Clients formerly were able to go into the pantry and choose the items they wanted, but because of the pandemic, they now get boxes of food packed ahead of time by a handful of pantry volunteers, although there is room for variation. Families of one to three people receive about $225 to $250 worth of food and other items, while families of four or more get $300 to $400 worth.
The pantry also offers a little extra to help families celebrate the holidays. Stodola's donates turkeys that the pantry distributes in November for Thanksgiving (single people can ask for a chicken if they don't want the turkey), and clients get a gift card to a grocery store for $25 or $50 (depending on family size) along with their December food box pickup. In past years, the pantry also gave books to children for Christmas and worked with area churches to organize giving trees.
Among the families receiving assistance is Agatha and Gerald Paul, a couple from Algoma who also have volunteered at the pantry for the past two years and were busy packing fresh produce from Walmart into boxes for distribution on a recent Monday morning. Agatha Paul said she wanted to perform some kind of volunteer work after retiring, and she understands the vital role the pantry plays in the community.
"It's very important," she said. "If it wouldn't be for this place, a lot of people would be starving."
Linda Benaszeski, who help start a bilingual program in the Algoma School District and works with the local LatinX community, said during a visit to the pantry, when she brought fresh vegetables, said she knew of several families in that community who struggled with lost wages because of the pandemic and leaned on the pantry to help.
"There are two families who were too proud to ever use the pantry," Benaszeski said. "But when you get to the pint where it's your children …"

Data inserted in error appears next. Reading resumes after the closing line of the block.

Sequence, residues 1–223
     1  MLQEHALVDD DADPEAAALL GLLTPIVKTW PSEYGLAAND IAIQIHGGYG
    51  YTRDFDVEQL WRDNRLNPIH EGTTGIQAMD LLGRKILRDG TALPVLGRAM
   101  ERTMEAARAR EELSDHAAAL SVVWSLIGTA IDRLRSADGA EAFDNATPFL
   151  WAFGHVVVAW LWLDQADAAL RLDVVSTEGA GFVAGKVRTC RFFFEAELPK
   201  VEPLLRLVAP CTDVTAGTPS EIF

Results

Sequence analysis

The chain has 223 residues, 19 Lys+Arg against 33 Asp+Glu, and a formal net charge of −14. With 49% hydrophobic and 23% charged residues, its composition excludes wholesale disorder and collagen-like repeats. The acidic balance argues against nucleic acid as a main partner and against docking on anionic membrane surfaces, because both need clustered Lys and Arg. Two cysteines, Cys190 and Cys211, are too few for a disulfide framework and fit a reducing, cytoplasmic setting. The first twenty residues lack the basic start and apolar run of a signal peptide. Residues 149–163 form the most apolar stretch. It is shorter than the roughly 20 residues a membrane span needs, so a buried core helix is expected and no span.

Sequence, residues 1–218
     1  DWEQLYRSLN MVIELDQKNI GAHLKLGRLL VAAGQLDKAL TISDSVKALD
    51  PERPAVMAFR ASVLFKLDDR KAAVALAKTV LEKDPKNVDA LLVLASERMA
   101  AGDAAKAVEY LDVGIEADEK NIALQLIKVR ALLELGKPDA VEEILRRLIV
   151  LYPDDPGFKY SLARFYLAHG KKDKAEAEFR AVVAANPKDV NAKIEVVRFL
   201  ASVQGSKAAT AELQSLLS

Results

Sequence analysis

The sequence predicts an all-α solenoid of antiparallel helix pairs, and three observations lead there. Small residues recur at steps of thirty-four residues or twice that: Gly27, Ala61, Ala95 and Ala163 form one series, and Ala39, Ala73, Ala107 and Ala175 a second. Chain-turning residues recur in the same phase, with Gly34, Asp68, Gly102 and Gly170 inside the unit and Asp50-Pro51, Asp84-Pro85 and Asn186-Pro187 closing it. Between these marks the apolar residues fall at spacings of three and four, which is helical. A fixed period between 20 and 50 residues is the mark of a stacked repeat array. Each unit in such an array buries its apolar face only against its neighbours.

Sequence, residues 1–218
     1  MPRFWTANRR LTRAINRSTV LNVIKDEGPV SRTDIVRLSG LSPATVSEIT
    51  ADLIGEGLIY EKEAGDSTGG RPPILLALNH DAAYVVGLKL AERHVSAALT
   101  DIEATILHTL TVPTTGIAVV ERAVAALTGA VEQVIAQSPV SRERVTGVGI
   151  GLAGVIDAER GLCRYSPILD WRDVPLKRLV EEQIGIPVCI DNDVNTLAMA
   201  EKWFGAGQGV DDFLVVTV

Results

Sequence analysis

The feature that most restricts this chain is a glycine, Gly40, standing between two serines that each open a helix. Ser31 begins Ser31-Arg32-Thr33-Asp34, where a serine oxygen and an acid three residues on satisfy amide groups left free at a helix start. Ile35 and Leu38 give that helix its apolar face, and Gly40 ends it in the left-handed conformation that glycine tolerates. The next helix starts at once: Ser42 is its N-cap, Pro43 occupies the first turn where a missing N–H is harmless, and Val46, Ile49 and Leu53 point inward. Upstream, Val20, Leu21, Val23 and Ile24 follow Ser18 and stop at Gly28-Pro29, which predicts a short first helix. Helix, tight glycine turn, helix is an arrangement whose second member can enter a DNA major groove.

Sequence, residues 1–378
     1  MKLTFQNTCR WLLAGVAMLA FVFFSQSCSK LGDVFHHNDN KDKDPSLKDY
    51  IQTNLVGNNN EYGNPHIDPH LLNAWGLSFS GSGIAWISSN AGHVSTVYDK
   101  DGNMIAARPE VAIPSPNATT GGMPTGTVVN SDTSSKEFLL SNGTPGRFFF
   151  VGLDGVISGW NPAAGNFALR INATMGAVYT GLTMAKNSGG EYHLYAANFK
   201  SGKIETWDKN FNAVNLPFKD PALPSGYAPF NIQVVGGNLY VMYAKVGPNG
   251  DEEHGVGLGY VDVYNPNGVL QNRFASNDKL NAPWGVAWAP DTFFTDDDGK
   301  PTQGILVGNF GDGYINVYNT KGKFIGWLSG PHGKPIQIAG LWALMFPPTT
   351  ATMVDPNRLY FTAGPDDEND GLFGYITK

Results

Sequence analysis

"A huge number of people are using the service — (people who are) elderly, they're out of jobs with the COVID. This food pantry is a blessing."
Stock the Shelves initiative
Amid the growing demand for assistance, USA TODAY NETWORK-Wisconsin is holding its annual Stock the Shelves campaign that encourages readers to donate money to help fight hunger in their local communities. The campaign runs through Oct. 31. All donors are listed in a thank you ad that appears in Thanksgiving editions.
Since 2010, Stock the Shelves has raised $5 million for food pantries across Wisconsin thanks to the donations of newspaper readers and support of community partners, including Feeding America Eastern Wisconsin.
Feeding America Eastern Wisconsin uses the donations to distribute food to partnering food pantries. Readers can steer their dollars to specific local communities in the comment area of electronic donations or on checks made payable to: Feeding America Eastern Wisconsin, ATTN: Stock The Shelves, 2911 W. Evergreen Dr., Appleton, WI 54913.
Participating newspapers include The Post-Crescent in Appleton and the Fox Cities; The Reporter in Fond du Lac; Green Bay Press-Gazette; Herald Times Reporter in Manitowoc; Marshfield News Herald; The Milwaukee Journal Sentinel; The Oshkosh Northwestern; The Sheboygan Press; Stevens Point Journal; Wausau Daily Herald and the Daily Tribune in Wisconsin Rapids.
Food pantries in Kewaunee County:
- Kewaunee County Food Pantry, 1528 Sunset Ave., Algoma. Open 11 a.m. to 1 p.m. Mondays and Wednesdays and 5 to 6 p.m. the third Wednesday of the month. Registration and proof of eligibility required; clients can visit once a month. 920-487-3663 or kcfpantry.org.
- Lakeshore Community Pantry, in the lower level of Holy Rosary Catholic Church, 519 Kilbourn St., Kewaunee. Open 1 to 3 p.m. Wednesdays. Goods are available to anyone. 920-388-9050 or visit the "Kewaunee Lakeshore Community Pantry" Facebook page.
- Luxemburg-Casco Food Pantry, basement of Holy Trinity Church, 510 Church Ave., Casco. Open 12:30 to 2:30 p.m. first and third Thursdays of the month, 9 to 11 a.m. second and fourth Saturdays. 920-845-5362 or holytrinitycasco.com.
- Ruby's Pantry, St. John Lutheran Church, 700 Heritage Road, Luxemburg. Held second Saturday of the month, distribution starts at 9 a.m. $20 donation for an abundance of food; bring two large boxes or totes to take it home. Registration required but foods are available to anyone. rubyspantry.org.
Contact Christopher Clough at 920-741-7952, 920-562-8900 or [email protected].
This article originally appeared on Green Bay Press-Gazette: Stock the Shelves in Kewaunee County: Winter, COVID brings families in need to food pantry